Natural gas storage capacity in Germany has dropped below 60% for the first time in years, Sebastian Bleschke, executive director of the German association of underground gas storage operators INES, said.
He told the Handelsblatt newspaper on Thursday that the capacity is currently about 59%, which is a “historically low level” in comparison with previous years.
“Since the real winter is yet to come, the relatively small reserves should certainly be handled with care,” Bleschke said, warning “If the withdrawal of gas from the storage facilities is the same as now, the occupancy rate [of storage facilities] will become very low in February.”
According to Handelsblatt, Germany’s nationwide gas market trading hub has announced a special tender for the purchase of natural gas in order to prevent power outages in February. Applications for participation close on Friday. A special tender is a market mechanism for securing gas supplies. Given the current market situation, gas purchases will be “definitely a challenge,” said Bleschke.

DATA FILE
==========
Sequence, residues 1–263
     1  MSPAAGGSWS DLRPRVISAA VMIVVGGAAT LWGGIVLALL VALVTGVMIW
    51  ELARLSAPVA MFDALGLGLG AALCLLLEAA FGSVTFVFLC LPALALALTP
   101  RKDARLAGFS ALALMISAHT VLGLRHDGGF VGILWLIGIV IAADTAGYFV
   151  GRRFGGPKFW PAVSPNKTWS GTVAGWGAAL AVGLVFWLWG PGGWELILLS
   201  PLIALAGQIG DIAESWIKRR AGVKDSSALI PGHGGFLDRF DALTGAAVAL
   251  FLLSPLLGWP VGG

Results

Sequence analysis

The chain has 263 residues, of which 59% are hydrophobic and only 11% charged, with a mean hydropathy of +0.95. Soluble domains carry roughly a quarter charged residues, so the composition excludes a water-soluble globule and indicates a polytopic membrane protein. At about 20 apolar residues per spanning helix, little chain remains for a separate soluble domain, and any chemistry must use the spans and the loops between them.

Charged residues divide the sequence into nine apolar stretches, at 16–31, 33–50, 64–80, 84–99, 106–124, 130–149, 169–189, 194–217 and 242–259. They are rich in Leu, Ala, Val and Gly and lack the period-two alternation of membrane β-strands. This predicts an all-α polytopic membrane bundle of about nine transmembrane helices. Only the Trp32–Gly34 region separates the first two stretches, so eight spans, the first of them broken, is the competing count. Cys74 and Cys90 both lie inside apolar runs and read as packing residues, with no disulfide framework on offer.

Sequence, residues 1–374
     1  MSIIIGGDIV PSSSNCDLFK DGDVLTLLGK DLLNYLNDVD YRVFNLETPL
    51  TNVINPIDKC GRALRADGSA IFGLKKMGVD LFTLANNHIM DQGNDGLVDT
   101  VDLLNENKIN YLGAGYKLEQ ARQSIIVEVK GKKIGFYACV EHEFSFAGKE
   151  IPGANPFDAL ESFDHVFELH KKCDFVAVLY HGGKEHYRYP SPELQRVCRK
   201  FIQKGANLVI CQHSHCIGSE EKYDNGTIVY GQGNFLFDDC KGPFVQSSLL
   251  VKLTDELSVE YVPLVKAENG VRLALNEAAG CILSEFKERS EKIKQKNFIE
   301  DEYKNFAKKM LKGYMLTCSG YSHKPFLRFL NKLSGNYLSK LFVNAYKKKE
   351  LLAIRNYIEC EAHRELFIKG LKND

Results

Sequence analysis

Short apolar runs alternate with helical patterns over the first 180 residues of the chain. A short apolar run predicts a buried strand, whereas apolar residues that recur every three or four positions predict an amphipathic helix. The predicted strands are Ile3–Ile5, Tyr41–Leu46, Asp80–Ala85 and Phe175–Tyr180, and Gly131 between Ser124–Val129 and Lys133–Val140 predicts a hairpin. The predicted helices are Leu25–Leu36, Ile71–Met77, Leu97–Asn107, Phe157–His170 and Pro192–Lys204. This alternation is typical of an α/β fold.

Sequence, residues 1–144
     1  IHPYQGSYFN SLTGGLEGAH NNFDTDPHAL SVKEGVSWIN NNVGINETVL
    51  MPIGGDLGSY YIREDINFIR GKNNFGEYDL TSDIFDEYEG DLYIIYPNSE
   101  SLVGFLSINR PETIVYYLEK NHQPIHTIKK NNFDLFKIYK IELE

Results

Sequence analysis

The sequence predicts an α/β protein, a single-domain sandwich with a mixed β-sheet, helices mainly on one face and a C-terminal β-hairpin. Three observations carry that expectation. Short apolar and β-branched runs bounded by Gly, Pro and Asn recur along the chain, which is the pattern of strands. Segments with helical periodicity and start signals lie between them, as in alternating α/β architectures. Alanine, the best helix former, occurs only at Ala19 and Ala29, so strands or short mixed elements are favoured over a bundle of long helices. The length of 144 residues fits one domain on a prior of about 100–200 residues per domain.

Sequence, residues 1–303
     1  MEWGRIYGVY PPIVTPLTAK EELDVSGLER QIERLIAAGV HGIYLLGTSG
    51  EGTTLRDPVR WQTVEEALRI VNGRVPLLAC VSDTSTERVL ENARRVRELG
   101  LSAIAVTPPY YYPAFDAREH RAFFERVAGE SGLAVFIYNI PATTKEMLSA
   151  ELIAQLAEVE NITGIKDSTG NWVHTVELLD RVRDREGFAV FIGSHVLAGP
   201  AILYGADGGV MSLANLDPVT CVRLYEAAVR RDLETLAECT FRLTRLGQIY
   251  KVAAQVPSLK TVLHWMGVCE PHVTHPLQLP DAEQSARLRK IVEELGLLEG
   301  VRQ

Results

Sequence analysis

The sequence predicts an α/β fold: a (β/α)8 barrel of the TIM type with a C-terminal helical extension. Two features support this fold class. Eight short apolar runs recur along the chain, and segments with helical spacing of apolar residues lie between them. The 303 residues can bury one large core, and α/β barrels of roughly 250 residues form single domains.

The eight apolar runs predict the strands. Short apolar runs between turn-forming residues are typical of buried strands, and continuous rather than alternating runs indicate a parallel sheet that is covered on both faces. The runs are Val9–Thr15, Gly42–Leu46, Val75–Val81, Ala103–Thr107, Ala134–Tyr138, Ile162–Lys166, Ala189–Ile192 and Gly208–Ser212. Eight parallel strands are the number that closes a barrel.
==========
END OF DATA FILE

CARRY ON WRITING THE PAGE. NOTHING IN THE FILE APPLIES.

Germany has the largest natural gas storage capacity in the EU. Earlier, the European Commission proposed to set up a mechanism where EU countries could carry out joint voluntary purchases of natural gas to fill the underground storage facilities.
European energy prices continued to rise this week after Germany delayed the certification of Russia’s Nord Stream 2 pipeline, which could provide additional supplies of natural gas to the continent.
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